Drewry: China needs to fix logistics weak links
China’s inland transportation connections are the “weak link” in the supply chain that sees the country spend about 18.5 percent of its GDP on logistics costs, compared to about 10 percent in the United States and Europe, according to a report by London-based Drewry Shipping Consultants.
The report, Opportunities in China's Container Transport and Logistics Sectors — Fixing the Weak Links of China's Economy, said the inland transport costs to the coast from provinces like Sichuan, for export to overseas markets, are often higher than the maritime transport cost from China to the destination port, while inventory management, trucking and rail transport are inefficient.
Drewry estimates that rail container traffic in China in 2006 increased 10 percent year-on-year to 3.3 million TEUs, well below the 22 percent annual growth rate in maritime port container throughout. Only about 1 percent of containers loaded or discharged at Chinese seaports are carried inland by rail, Drewry said.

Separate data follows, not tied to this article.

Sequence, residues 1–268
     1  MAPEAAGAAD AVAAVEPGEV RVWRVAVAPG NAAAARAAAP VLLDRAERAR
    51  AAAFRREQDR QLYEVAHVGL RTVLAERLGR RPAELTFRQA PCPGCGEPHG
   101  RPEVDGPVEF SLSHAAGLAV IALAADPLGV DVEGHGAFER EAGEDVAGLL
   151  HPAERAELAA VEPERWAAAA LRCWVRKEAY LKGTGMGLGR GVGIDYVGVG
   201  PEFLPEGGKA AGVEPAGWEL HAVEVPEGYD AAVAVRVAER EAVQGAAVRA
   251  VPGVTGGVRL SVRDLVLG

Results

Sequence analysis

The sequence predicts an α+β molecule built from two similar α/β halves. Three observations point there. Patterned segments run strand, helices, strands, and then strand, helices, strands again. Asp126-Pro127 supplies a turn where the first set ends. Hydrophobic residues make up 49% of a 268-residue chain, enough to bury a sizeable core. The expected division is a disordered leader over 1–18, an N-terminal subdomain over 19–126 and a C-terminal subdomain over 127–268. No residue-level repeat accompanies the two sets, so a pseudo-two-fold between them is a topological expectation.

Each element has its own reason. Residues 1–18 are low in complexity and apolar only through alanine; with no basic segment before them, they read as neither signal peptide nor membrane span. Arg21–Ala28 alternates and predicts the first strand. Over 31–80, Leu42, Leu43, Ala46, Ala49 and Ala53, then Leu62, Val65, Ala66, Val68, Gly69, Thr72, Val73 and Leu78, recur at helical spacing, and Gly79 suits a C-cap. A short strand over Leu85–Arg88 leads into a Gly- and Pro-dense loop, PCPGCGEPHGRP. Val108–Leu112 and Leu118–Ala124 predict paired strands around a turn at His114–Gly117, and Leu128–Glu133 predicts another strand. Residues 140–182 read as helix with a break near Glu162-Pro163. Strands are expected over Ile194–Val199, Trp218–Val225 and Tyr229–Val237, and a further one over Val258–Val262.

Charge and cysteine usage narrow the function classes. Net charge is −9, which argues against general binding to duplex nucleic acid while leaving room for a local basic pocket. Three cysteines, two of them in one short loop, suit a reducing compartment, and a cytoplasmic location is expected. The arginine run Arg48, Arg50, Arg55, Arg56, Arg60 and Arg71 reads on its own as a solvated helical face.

'Paradoxically, the difficulties, fragmentation and capacity shortages involved in logistics in China create opportunities for companies which have more advanced systems and the ability to minimize or overcome the difficulties or for investors who can identify market gaps,' said Philip Damas, research director at Drewry.
Damas added that Chinese traders would need better connections if they are to remain competitive in an environment of rising labor costs in the wealthier coastal provinces. 'In some cases, it is a chicken-and-egg situation, with manufacturers unwilling to move to interior provinces and transport providers lacking the scale to lower inland costs,' he said.
However, Drewry believes that China's inland transport sector can narrow the cost gap thanks to infrastructure improvements and the influx of private-sector capital and operators, helped by more liberal regulations on market entry in some sectors, most notably rail.